CommandQ is one of my most recent discoveries, however it solves an age old problem I have with my hotkey madness! Sometimes I will confess that I do things too quickly and accidentally hit Command + Q rather than Command + W or will still be holding down the Command key when I type the next letter. This causes me to loose all my windows especially in Chrome. Now Chrome has an option built in to require you to hold down the shortcut for a few moments but it only works in Chrome so its annoying as you aren’t use to it.
This application allows you to set a period which you must hold the Command + Q keys down in order to quit, it also gives you a fancy screen showing you a progress bar animation until it quits.
This application gives iOS style popovers when highlighting text, this is truly a genius application, although some of the UI design is a little questionable in the settings area. It has 50 extensions and growing which can add new features but basically allows you to perform a special operation on the highlighted text, the best is calling telephone numbers using Skype, something that I’ve wanted for ages and is the main reason I bought this app, but you can also use it to search Wikipedia, send tweets, and loads more. There is a free trial of PopClip on their website and it’s pretty cheap to buy on the MAS.
No list of utility apps is complete without TextExpander, and what sold me on it was actually the shortcut feature in iOS which is probably copied from TextExpander. It allows you to specify a few letters which when typed are expanded out to the full thing, for example if I type myt then it will expand it out to my telephone number, I have loads of them for my email address, username, telephone number, postcode, full name, home address, etc… I have others which type in server IP addresses, short terminal snippets and more.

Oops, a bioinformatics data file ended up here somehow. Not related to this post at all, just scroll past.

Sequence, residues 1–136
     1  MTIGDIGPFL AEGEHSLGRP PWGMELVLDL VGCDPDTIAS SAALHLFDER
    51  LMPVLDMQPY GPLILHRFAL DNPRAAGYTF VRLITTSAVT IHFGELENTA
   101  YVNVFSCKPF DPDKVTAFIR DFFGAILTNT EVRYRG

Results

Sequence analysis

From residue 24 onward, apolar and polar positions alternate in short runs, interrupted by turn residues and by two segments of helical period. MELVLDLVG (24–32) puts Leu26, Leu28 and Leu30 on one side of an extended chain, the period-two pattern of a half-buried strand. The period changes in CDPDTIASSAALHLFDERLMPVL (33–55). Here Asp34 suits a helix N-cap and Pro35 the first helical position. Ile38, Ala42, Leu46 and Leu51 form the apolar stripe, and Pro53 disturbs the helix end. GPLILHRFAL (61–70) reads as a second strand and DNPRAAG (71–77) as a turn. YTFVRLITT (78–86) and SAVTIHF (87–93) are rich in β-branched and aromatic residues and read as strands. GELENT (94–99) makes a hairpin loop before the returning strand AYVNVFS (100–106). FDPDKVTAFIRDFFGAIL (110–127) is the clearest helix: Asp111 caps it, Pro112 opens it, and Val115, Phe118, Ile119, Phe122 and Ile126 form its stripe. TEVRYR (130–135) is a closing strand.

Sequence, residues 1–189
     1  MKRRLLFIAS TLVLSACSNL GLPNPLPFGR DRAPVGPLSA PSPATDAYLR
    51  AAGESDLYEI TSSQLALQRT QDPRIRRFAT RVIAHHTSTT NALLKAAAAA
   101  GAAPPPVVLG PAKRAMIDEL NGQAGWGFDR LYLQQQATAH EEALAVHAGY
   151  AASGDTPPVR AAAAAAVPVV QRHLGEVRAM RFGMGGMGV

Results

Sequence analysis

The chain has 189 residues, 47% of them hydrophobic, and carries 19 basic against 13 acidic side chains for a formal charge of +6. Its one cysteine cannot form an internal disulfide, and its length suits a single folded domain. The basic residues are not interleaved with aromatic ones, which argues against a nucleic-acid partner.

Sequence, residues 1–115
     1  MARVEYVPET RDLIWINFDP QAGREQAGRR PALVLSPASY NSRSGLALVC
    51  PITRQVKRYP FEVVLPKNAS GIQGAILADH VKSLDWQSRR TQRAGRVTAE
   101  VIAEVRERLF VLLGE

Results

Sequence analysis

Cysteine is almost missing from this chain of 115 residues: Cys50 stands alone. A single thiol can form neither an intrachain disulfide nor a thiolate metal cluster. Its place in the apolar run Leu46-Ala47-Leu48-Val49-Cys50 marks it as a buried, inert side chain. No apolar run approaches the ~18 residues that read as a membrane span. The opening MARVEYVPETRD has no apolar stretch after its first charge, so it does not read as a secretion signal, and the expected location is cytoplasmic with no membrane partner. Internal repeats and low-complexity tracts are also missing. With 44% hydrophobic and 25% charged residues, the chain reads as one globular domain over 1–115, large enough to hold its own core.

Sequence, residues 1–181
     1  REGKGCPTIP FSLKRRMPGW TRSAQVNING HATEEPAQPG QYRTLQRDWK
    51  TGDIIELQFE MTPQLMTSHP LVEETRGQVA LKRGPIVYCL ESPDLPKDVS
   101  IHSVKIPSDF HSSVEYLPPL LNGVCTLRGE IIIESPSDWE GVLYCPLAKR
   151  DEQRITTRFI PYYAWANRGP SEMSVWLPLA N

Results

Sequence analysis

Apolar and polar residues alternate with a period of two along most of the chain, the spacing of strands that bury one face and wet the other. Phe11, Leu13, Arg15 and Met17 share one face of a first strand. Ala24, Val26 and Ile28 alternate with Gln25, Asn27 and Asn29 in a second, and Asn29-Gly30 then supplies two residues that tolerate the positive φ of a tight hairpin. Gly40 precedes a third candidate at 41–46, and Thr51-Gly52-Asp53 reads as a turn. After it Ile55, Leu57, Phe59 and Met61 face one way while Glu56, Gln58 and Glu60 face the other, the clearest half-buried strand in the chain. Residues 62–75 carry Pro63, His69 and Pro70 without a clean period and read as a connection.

The best bit about TextExpander is it tells you how useful it has been, on my iMac alone it claims to have saved me 6,240 characters of typing in the few months I have been using it, my laptop is at a similar number.
I said before that Caffeine was the oldest app I have in this list but Clusters is older, although it had a better name before, but I can’t find out what it was called. Clusters does one thing: enables the operating systems built in and totally transparent file compression technology.
By default your computer will compress among other things the Applications folder, this speeds up loading and reduces file sizes. Today computers are so fast that it’s quicker to decompress a file than wait for the uncompressed version to be loaded by the hard drive. The result is smaller files, faster loading.
This sounds ridiculously complex and prone to fault but your Mac already does this, it just doesn’t do it to everything on your computer, and really there is no reason not to, it won’t make it difficult to share files, read external drives on different computers or anything like that. Just like Spotlight and many other features in your Mac it just works!
Right now Clusters is saving me 134GB of storage space, with the majority of that (113GB) coming from my main hard drive. Every now and again I get a system notification saying ‘Clusters has saved you 1.34 GB of space.’ which is brilliant!
The other great thing about this app is that it just updates it’s self! I have never been asked to update ever and I am fairly sure it wasn’t on v1.6.3 when I first installed it. I have no idea when I first bought this app but I I think $12.95 (currently) is a fantastic price and I have had it for ages without paying extra.